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Children’s Mental Health Week: Monitoring Signs is Key

The theme for this year’s Children’s Mental Health Week is Let’s Connect – which is centred around the importance of meaningful connections both during Children’s Mental Health Week and beyond.  

In recent years there has been an unprecedented amount of change in educational settings including school closures, owing to the COVID-19 pandemic and teacher strikes, which have resulted in pupils not being able to access school-based learning for increased periods of time.  

As a result of the closures, pupils’ mental health and wellbeing has undoubtedly been impacted – in a survey conducted on the impact of COVID-19 on pupils, 74% of all teachers and school staff agreed that these closures had a detrimental impact on the health and wellbeing of young people.  

Schools are not only still feeling the lasting impact of the pandemic, but they’re also navigating the challenges of the UK’s biggest walkout in a decade, along with the current cost-of-living crisis, which is affecting families up and down the country.  

Now more than ever, Children’s Mental Health Week is a timely reminder of the imperative need for schools and other settings to track mental health and wellbeing-related concerns to ensure children get the support they need.  

Mental health is a growing challenge in schools  

According to an NHS digital report: Mental Health of Children and Young People in England, 2020, 1 in 6 children aged 5 to 16 in England are likely to have a mental health problem. Additionally, in the last three years, the likelihood of young people having a mental health disorder has increased by 50% and now, five children in a classroom of 30 are likely to have a mental health disorder – all of which suggests this is a growing trend.  

In 2022, a poll conducted on educational professionals and published by children’s mental health charity Place2Be and trade union NAHT, revealed that 95% of UK school staff witnessed increased levels of anxiety amongst pupils since the start of the school year. Of those surveyed, 86% noted an increase in low self-esteem, 76% had seen an increase in depression and 68% witnessed an increase in sustained feelings of anger.  

School staff also highlighted the wider impact of this on many aspects of school life and said it had negatively affected:  

  • Pupils’ ability to engage in learning (91%) 
  • Pupils’ behaviour (87%) 
  • Pupils’ progress (86%) 
  • Staff workload and capacity (91%) 
  • Staff wellbeing (89%) 

Children’s mental health remains a top priority in schools and is constantly raised as a topic of concern by teachers. Despite this, in the same survey, only 23% of staff said they had regularly been able to access specialist support for pupils with mental health needs, leaving many children and young people struggling to access support, in turn likely negatively impacting pupils’ ability to engage in learning.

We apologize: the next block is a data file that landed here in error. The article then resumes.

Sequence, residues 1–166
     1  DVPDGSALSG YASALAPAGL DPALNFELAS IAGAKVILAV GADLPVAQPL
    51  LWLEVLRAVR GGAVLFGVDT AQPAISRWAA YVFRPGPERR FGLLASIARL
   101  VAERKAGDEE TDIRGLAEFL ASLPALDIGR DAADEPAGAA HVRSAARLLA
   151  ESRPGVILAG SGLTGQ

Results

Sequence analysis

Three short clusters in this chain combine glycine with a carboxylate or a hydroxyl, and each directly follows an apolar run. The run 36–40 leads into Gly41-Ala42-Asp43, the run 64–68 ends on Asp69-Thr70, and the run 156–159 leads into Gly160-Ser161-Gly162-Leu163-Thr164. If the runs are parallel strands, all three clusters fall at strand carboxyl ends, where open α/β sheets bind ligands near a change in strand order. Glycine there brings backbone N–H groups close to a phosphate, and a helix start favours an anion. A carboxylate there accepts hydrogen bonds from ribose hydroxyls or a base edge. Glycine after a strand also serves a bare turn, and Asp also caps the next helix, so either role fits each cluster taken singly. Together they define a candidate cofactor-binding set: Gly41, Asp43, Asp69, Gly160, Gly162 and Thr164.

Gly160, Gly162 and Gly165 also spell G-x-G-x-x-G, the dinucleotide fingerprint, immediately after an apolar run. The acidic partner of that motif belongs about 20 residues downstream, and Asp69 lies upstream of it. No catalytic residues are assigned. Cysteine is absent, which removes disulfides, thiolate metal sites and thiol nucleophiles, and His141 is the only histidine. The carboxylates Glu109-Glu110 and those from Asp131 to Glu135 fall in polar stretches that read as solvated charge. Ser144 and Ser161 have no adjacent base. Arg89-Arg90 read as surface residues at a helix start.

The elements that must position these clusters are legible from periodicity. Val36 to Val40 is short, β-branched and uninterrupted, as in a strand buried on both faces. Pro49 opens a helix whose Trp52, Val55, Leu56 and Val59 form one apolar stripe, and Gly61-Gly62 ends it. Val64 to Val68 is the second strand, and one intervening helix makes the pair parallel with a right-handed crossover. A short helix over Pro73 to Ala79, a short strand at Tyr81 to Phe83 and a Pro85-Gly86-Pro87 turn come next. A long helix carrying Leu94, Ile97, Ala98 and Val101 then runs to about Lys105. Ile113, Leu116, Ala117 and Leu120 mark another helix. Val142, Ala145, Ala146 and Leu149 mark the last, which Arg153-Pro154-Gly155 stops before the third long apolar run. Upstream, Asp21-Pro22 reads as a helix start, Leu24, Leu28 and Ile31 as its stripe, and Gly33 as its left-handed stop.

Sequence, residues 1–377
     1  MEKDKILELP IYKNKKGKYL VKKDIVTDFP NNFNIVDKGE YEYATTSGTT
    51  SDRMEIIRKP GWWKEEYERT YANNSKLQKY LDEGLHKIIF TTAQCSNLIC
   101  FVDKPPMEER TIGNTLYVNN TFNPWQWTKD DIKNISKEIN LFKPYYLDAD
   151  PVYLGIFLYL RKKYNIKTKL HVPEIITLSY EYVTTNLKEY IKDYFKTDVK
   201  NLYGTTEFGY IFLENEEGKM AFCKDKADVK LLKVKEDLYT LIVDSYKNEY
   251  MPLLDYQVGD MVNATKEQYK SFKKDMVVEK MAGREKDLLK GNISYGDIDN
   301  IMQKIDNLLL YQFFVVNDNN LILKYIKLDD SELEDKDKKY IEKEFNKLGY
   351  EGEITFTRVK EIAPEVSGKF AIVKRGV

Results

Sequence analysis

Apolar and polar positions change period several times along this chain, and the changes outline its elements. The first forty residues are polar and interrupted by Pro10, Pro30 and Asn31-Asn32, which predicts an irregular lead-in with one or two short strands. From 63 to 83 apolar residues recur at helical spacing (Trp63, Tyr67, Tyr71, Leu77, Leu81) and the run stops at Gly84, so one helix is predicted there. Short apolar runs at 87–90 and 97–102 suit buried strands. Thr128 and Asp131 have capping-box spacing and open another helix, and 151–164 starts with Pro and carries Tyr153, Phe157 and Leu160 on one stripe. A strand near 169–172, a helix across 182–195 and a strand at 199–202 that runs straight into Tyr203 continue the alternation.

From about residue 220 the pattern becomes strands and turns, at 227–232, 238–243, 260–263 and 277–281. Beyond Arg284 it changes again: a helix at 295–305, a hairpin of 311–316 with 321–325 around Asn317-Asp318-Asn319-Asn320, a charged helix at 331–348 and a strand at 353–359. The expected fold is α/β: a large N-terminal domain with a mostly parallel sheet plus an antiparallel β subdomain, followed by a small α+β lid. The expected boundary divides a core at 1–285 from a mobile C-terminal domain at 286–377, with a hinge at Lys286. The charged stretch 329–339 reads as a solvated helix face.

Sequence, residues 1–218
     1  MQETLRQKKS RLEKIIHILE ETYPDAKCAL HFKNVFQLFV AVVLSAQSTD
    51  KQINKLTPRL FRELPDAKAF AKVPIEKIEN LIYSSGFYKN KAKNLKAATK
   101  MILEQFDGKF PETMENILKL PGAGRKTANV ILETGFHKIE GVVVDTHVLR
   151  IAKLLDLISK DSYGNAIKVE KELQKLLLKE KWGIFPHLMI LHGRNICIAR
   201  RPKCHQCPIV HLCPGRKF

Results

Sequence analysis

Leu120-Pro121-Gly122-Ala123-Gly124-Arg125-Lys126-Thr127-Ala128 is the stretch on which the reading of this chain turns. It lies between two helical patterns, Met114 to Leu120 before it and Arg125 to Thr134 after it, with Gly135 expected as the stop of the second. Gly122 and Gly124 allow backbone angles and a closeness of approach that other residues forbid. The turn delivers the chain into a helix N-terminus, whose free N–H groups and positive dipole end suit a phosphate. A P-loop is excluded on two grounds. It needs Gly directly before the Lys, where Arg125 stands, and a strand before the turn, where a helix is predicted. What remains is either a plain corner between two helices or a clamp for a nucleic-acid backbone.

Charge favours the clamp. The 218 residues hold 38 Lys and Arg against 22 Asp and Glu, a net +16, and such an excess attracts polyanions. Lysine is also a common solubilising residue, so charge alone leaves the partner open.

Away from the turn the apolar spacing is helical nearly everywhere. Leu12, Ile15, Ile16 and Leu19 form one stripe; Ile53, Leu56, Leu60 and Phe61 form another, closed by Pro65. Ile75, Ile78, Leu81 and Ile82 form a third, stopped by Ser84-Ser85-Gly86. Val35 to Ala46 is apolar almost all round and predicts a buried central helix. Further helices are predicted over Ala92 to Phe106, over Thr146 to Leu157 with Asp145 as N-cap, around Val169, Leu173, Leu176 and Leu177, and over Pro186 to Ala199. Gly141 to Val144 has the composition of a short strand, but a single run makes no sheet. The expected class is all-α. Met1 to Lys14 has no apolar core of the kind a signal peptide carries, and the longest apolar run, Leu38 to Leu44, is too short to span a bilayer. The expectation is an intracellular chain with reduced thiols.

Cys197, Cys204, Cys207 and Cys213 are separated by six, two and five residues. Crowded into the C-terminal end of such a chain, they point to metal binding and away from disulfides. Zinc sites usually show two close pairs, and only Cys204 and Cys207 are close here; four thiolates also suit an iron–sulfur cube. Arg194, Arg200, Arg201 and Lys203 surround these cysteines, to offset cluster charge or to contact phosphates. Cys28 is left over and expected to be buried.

Children’s mental health is also a priority for parents; a YouGov survey conducted last year found that 62% of parents view pupil wellbeing as a serious consideration when choosing a secondary school for their child and 76% would like their child’s school to measure wellbeing

Given the wider impact that mental health can have on both school staff and pupil performance, and how schools address and support mental health can influence which schools parents send their children to, it is vital that schools invest in means to track and monitor signs or changes in mental health and wellbeing if they’re not already doing so. 

Spotting signs of mental health challenges early on  

As the theme for this year’s Children’s Mental Health Awareness Week is centred around making meaningful connections, it’s important for teachers and safeguarding leads to be aware of ways to spot signs that a child may not be making meaningful connections in school.  

Things to look out for include: 

  • Withdrawal from social circles and / or issues with other pupils 
  • Wanting to spend time alone  
  • Seem quiet or withdrawn, or are sad for no obvious reason 
  • Loss of appetite 
  • Becoming disruptive in class or feeling frustrated 
  • Low self-esteem or loss of confidence 
  • Seemingly very tired during school hours 

While it can feel challenging to constantly be on the lookout for signs of poor mental health and wellbeing in young people, logging even the smallest of concerns can help to spot patterns quickly and make prompt interventions.  

How CPOMS can help  

One way in which schools can play a part in supporting children with their mental health is by ensuring they have protocols and software like CPOMS in place to monitor, track and record the mental health and wellbeing of its pupils. CPOMS software allows schools to gather data which can help to not only identify the needs of students, but also ways to manage them.  

CPOMS allows school staff to note and monitor any changes in the behaviour and wellbeing of students – this data can help to spot trends more easily which can in turn help to enable quick action and identify any additional need for support.   

Given the challenges that schools are already facing, coupled with the increasing number of children requiring mental health support, it’s clear that spotting signs of any behavioural changes in children, and recording them so that early interventions can be made is needed.  

To find out more about how CPOMS software can be used to monitor the mental health and wellbeing of children in schools, get in touch with our team today

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